Warning for Western Sydney: ignore trees at your peril

TCL Terrence Stapleton at Gunyama Park Aquatic and Recreation Centre NSW Photogrpahy Peter Ayres 1024x768 1

Above: TCL’s Terrence Stapleton at Gunyama Park Aquatic and Recreation Centre, NSW

(photography Peter Ayres)

Proposed precincts of more than 5,000 homes, along with a new international airport, will see Western Sydney take off over the next few years. Little wonder it’s the state’s fastest-growing region.

As planning progresses, local landscape architect Terrence Stapleton is championing our greatest natural assets, trees. Terrence heads up the Sydney studio of TCL — a national design practice made up of urban designers, landscape architects and masterplanners who are often called upon to lead design projects.

Together, their extensive research has revealed the irrefutable power of trees to cool cities, clean the air and bolster the health and wellbeing of communities. Recently, this research (A Case For Trees) was collated as a guide for governments, councils, developers and homeowners. The guide provides compelling statistics and supplementary evidence to substantiate why trees must be prioritised at the outset of any design process.

Terrence points out it may take twenty years for trees to reach maturity but their size and siting need to be planned well in advance. “Adequate space and soil for large, leafy tree canopies and deep root systems must be considered before new residential developments, services and infrastructure are complete in Western Sydney.”

Above: Lonsdale Street (photography Ben Wrigley)

Increasing property value                                       

Terrence admits Western Sydney, with its proliferation of farmland and greenfield sites, may not currently have the allure of other parts of the city, where wide tree canopies are in abundance. He’s referring, of course, to ‘leafy’ suburbs like Mossman, Balmain, Willoughby and Annandale.

A Case For Trees cites AECOM‘s Green Infrastructure Report — a study of three Sydney suburbs that suggest a 10 per cent increase in a street’s tree canopy could increase property values by an average of $50,000. Moreover, it can reduce energy bills by up to $400 every year.

So the hip-pocket benefits of trees clearly stack up. But that’s not all …

Terrence describes trees as natural ‘air purifiers’ — producing significant amounts of oxygen that help mitigate carbon emissions and other pollutants. Their ability to counter rising summer temps cannot be underestimated either. Once again, A Case For Trees points to clear evidence.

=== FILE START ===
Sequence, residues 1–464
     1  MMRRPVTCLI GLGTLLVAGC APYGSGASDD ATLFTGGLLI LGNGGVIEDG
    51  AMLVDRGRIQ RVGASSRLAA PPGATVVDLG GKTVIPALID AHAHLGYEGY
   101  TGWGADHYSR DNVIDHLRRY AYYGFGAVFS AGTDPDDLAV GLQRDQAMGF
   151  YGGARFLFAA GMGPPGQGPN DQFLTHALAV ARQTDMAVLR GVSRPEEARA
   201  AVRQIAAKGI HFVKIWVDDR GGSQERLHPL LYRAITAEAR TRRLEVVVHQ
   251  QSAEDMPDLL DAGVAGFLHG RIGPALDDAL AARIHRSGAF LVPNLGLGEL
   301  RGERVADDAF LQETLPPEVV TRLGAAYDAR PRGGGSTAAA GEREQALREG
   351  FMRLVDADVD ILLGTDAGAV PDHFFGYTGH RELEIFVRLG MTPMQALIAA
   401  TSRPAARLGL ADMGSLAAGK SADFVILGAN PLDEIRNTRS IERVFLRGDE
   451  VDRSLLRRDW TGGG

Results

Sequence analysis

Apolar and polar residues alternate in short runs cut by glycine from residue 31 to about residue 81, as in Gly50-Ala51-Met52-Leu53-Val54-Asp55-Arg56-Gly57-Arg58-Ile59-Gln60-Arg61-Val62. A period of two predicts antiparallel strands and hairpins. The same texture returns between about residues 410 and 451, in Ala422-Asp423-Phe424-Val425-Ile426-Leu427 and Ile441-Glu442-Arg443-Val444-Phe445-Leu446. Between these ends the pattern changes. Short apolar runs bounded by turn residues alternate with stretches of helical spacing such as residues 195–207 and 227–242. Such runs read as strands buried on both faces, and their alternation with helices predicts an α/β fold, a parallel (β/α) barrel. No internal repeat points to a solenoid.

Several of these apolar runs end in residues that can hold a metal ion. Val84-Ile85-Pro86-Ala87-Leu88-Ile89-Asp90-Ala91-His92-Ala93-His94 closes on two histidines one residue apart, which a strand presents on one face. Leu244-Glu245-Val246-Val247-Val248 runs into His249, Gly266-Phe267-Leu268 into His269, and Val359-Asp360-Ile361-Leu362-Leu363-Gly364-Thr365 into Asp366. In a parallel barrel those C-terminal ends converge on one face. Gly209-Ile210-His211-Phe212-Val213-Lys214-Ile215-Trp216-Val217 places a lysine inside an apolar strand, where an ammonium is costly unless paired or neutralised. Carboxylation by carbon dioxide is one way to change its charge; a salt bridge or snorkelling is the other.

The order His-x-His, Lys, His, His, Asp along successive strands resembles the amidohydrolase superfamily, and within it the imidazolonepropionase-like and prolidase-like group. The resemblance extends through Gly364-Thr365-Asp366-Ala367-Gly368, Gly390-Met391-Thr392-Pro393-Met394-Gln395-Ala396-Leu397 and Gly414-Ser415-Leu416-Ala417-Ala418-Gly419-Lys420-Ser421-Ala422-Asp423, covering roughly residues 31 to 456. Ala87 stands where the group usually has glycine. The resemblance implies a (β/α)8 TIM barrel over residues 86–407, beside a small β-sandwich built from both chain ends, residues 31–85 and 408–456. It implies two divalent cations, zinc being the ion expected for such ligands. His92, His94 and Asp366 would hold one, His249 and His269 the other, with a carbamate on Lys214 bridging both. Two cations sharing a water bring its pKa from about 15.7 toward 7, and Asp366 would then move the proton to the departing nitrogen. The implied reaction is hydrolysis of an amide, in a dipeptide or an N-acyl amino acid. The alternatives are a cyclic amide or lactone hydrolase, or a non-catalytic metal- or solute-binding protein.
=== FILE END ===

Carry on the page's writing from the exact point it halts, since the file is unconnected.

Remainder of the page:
Research by the City of Sydney indicates that for every 10% increase in the urban forest canopy coverage, land surface temperatures can decrease by 1.13degrees. That same research also uncovered a staggering statistic: One tree cools the same as ten air-conditioners running simultaneously per year.

Above: UNSW Village Green (Photography: Brett Boardman)

The right trees in the right place 

Terrence points out the importance of prioritising species’ selection to suit climatic conditions.

“The climate has changed so much that the species we traditionally favoured for Sydney are now no longer able to survive these hotter conditions,” he explains. “So it makes sense to source species robust enough to withstand more tropical conditions.”

Terrence’s advice for Western Sydney is simple — create a biodiverse set of tree groupings. This strategy is, of course, essential to create ideal habitats to sustain native fauna. But it’s not just wildlife poised to benefit.

“Humans are part of nature. We are not separate from nature. Living in concrete jungles is not our natural habitat. We are part of an ecosystem that needs to be connected to nature and trees.”

Above: Southbank Boulevard 

(Photography Dianna Snape) 

Silencing the critics 

In response to vandalism of public trees, Terrence offers a measured but impassioned response.

“Firstly, well-designed public spaces should honour and protect existing, established trees,” he says.

“Secondly, the evidence is clear — trees are an incredible natural resource that benefit our mental and physical health. Destruction of that resource is not only reckless but detrimental.”

A Case for Trees comprehensively outlines the health benefits of trees, siting research that reveals communities with street trees have reported better overall health in comparison to communities with none.

The potential of trees/tree canopies to reduce exposure to UV rays, mitigate heat-island effect and promote wellbeing by walking ‘in nature’ are all well documented. Unsurprisingly, Terrence is a proponent of ‘biophilic design’ — whereby connection to nature is prioritised.

A significant section of A Case for Trees cites research highlighting the power of walking in trees to enhance mental health and reduce blood pressure and anxiety. Readers will discover one study’s findings that hospital patients who had a view of trees were shown to recover quicker and with fewer complications in comparison to those without.

About TCL

TCL are urban designers, landscape architects, masterplanners and principal consultants. We design places to become ‘destinations’ and ‘drawcards’ that transform cities and regions, helping them thrive and prosper long term.

Our concepts are big and impactful but our execution honours the smallest of detail. T.C.L projects are always finely crafted and acutely resolved.

We work across all sectors, and at all scales, leveraging our expertise for public and private projects throughout Australia and internationally.



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